In 1976, Dr. Mohamed Yanus made a small gesture. He loaned $27 to a small community in Chittagong, Bangladesh. The money was used to pay off individual debts to loan sharks. $27 may not seem like much. For the people of Chittagong, it helped them get out from underneath crushing debt.
Dr. Yanus went on to found the Grameen Bank. Using the same small loan model, now known as microfinance, he’s been able to bring people out of poverty. The Grameen Foundation USA was founded on the same principles. In fact, Dr. Yanus is a founding member of the foundation. The group was founded in 1997 and now has the backing of the Clinton Global Initiative. They estimate that 5.5 million people have been helped with micro-credit loans through their foundation.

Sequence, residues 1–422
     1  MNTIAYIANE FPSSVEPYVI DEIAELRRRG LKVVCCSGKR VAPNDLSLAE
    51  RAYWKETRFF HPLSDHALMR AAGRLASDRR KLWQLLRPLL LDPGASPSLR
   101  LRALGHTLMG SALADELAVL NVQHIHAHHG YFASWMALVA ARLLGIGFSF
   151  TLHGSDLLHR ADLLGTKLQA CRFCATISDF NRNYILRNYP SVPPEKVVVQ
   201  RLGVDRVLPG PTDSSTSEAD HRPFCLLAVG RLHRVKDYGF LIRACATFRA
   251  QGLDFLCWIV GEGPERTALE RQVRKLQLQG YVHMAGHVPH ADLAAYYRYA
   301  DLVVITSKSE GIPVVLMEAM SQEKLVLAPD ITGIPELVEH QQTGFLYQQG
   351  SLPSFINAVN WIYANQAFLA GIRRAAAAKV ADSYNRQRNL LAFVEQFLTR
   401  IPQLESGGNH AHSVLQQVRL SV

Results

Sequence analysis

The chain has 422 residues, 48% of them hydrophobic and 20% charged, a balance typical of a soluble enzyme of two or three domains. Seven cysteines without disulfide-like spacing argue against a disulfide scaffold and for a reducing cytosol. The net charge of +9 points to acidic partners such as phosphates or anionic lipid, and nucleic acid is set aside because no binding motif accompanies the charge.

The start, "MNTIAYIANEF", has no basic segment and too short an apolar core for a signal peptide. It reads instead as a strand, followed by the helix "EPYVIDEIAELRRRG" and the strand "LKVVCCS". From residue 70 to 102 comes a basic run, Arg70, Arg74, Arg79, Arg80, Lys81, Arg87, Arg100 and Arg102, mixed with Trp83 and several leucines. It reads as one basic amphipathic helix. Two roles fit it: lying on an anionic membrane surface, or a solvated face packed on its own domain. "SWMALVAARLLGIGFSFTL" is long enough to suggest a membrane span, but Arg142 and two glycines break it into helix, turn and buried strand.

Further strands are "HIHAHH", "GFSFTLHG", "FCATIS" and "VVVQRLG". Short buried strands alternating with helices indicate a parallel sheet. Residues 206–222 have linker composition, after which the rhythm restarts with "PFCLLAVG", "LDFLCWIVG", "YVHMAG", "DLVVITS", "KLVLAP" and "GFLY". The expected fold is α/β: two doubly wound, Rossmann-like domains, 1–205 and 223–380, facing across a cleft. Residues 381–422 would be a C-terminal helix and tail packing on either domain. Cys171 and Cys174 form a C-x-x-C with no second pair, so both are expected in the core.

One of the people that Grameen Foundation USA helped is Yuli of Banda Aceh, Indonesia. Yuli lost everything in the tsunami of 2004 including her home and the small kiosk that helped support the family. Yuli and her family moved in with her parents. She attempted to set up a small kiosk to sell baked goods. While she struggled, she learned about the Grameen Foundation. She took out a $100 and was able to the buy the goods she needed to supply her business. Since the baked goods are made by women int he same village, everyone benefits. She sees a day when the business will support her family once again.
Micro-credit loans almost always go to women. Repayment is at around 95% despite the fact that most of the debtors cannot provide proof of ability to repay. They have nothing to offer as collateral. Yet, they do repay those loans and many succeed in pulling themselves out of poverty.